• Open the doors to widespread collaboration for establishing and maintaining healthy pollinator habitat within the municipality’s boundaries.

Benefits of Participation

Local leaders who choose to have their city become a Bee City USA community can improve their city’s environment, eating habits and economy by:

  • Helping to ensure the survival of vital animal species crucial to the planet’s complex food web;
  • Increasing community awareness of how food grows and improving local food production through expanded pollination. More than 150 food crops in the United States depend on pollinators, including blueberries, apples, squash, strawberries and almonds;
  • Improving local plant nursery markets by increasing demand for native, pollinator-friendly plants;
  • Raising community awareness of the dangers of non-native invasive plants to the local ecosystem;
  • Educating community members about the least toxic ways to deal with home and garden pests; and
  • Encouraging urban beekeeping and related businesses. Interest in local food products, such as artisanal honey and other honeybee products, creates business opportunities for small-scale entrepreneurs. Honey is unique to the nearby flowers from which the bees gather nectar, and its taste and color vary dramatically as a result. Furthermore, as the community of beekeepers grows, the market for beekeeping supplies grows.

An Ongoing Effort

Maintaining the designation involves:

  • Annually celebrating being a Bee City USA community with a proclamation and public awareness activities;
  • Publicly acknowledging your city’s commitment through signage and web links; and
  • Annually reporting your city’s activities to Bee City USA to renew your designation.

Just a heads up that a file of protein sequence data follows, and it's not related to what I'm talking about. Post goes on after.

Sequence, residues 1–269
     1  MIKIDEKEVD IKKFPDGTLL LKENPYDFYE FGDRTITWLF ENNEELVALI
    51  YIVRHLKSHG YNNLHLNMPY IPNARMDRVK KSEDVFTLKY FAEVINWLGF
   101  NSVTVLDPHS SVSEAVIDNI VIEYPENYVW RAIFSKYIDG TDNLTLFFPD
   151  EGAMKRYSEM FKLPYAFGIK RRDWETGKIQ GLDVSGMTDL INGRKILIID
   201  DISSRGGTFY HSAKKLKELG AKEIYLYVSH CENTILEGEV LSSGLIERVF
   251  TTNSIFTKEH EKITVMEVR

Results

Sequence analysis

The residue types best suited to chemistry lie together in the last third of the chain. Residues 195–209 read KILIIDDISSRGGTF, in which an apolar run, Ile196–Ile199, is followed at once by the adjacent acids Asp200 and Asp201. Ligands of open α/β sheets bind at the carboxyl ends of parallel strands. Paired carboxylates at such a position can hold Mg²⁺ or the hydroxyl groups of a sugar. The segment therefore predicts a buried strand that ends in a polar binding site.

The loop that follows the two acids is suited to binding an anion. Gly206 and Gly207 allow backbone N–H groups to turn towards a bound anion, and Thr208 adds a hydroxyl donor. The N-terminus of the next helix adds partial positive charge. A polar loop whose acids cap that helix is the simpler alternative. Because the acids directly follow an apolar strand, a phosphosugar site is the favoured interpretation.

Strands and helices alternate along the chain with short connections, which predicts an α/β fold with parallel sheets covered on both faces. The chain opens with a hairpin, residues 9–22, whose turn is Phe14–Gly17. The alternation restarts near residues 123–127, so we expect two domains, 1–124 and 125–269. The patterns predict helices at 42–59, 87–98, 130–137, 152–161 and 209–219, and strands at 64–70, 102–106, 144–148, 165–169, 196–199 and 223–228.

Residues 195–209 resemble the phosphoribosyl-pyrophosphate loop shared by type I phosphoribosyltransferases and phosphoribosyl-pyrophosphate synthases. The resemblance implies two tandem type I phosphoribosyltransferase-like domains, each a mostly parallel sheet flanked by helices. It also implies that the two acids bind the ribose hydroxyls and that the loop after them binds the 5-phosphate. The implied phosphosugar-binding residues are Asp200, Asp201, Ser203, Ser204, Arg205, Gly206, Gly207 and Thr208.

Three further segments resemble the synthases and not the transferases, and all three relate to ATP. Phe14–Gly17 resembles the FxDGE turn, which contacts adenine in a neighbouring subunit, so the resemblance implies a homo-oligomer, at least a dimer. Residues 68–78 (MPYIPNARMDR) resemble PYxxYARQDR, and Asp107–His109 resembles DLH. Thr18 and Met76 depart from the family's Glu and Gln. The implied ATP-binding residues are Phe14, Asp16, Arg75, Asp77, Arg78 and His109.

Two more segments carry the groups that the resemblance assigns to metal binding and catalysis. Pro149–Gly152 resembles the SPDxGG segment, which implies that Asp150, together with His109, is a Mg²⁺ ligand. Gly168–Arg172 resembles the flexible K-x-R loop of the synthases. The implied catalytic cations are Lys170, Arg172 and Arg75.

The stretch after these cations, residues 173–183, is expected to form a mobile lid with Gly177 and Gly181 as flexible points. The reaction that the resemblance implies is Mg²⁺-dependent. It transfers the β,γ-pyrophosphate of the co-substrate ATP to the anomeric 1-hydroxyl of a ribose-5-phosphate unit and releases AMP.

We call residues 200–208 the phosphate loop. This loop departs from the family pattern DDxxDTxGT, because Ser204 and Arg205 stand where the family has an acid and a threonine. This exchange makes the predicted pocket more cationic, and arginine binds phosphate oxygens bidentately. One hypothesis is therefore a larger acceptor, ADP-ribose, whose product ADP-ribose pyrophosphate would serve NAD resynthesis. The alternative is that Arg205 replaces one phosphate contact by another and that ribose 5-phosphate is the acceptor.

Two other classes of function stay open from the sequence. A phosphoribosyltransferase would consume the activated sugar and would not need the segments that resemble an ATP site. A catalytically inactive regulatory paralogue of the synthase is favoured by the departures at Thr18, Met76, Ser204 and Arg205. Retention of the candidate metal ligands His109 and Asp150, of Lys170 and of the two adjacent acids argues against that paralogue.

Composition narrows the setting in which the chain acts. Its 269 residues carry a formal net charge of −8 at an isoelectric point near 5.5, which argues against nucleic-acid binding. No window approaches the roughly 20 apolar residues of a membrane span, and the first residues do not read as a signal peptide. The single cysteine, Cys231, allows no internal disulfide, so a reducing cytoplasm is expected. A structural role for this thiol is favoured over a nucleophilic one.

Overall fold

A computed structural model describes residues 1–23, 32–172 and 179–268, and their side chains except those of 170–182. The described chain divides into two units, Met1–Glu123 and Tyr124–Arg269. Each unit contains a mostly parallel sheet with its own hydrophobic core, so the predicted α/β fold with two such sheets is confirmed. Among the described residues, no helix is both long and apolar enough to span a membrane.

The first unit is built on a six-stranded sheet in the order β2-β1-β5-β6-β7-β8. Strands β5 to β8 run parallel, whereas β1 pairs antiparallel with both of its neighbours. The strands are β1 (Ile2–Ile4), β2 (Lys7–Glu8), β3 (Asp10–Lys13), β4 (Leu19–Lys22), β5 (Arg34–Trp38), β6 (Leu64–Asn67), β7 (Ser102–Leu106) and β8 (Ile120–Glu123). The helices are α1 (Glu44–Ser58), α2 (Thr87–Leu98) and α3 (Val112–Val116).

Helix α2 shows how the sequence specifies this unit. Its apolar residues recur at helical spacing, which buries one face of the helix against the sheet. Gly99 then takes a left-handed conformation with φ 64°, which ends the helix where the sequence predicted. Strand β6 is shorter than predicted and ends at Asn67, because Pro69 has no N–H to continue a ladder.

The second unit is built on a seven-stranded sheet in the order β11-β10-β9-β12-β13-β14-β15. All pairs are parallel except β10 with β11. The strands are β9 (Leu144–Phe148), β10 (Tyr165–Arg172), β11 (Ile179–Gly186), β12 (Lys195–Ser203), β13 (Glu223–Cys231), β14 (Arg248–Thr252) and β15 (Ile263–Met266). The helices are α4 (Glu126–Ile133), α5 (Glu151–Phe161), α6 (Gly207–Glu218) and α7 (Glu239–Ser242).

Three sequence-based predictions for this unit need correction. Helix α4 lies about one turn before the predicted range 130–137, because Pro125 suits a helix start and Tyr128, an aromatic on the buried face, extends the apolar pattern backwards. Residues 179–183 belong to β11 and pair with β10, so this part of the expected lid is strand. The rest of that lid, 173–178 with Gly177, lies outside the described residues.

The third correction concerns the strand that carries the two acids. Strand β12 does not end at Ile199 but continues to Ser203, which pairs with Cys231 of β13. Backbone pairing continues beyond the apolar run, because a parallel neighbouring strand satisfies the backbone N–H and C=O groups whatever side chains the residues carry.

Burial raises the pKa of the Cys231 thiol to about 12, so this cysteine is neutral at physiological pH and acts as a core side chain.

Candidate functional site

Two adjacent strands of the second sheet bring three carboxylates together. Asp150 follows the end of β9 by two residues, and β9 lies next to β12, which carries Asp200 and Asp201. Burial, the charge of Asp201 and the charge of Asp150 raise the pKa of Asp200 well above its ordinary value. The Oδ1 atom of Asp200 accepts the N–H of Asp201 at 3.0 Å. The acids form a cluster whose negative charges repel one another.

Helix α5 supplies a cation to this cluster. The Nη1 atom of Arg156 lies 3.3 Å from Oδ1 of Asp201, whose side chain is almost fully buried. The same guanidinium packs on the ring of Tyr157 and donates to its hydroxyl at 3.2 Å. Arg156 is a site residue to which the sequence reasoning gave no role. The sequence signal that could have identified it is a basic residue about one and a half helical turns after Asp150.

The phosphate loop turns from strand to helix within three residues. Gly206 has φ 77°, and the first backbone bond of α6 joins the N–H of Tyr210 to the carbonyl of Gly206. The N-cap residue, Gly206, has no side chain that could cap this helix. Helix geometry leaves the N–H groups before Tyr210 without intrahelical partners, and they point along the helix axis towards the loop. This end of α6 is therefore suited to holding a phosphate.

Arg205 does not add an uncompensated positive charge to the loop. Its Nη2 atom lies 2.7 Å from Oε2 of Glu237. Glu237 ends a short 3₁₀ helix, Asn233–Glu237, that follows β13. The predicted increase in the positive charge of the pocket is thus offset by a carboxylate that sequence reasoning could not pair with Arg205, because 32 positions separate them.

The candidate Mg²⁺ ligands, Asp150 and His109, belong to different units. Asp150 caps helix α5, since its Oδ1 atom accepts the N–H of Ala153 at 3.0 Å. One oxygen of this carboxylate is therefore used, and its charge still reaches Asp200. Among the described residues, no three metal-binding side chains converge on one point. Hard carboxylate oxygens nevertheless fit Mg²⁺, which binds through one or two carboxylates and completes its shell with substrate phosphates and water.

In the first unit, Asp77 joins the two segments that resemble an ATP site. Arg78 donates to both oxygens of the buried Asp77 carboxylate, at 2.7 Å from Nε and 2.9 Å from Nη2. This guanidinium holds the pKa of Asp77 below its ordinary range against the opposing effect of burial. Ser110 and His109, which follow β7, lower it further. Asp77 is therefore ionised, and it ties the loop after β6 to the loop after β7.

Vice-Mayor Lindy Peters is looking forward to Fort Bragg considering the ban of pesticides and neonicotinoids throughout the city. When approving the Bee City USA designation, Peters advocated for planting pollinator-friendly plants on properties where appropriate throughout the city and for a botanical study to learn specifically which plants would most benefit pollinators based on the area’s climate.

Council Member Doug Hammerstrom also fully supported Fort Bragg’s application, noting his past experience as an orange farmer. “Without bees to pollinate my trees,” says Hammerstrom, “We would have had no fruit on the trees.”

Designation as a Bee City USA City also complements efforts being made on a national level. President Obama prepared a presidential memorandum in June 2014 titled “Creating a Federal Strategy to Promote the Health of Honey Bees and Other Pollinators.” The national strategy was produced through a task force co-chaired by the secretary of agriculture and the administrator of the Environmental Protection Agency. Fort Bragg is doing its part to support the strategy.

“I am delighted that the City of Fort Bragg saw the wisdom of becoming a Bee City USA,” says Tanya Wyldflower, a local beekeeper and one of the founders of the Mendocino Coastal Bee Keepers group, which has over 200 community members. “We are continually told how deeply gratifying beekeeping is and how our local residents love to contribute to a healthy ecosystem here on the coast. Supporting our pollinators is essential to our community’s survival.”


Photo credit: Courtesy of the City of Fort Bragg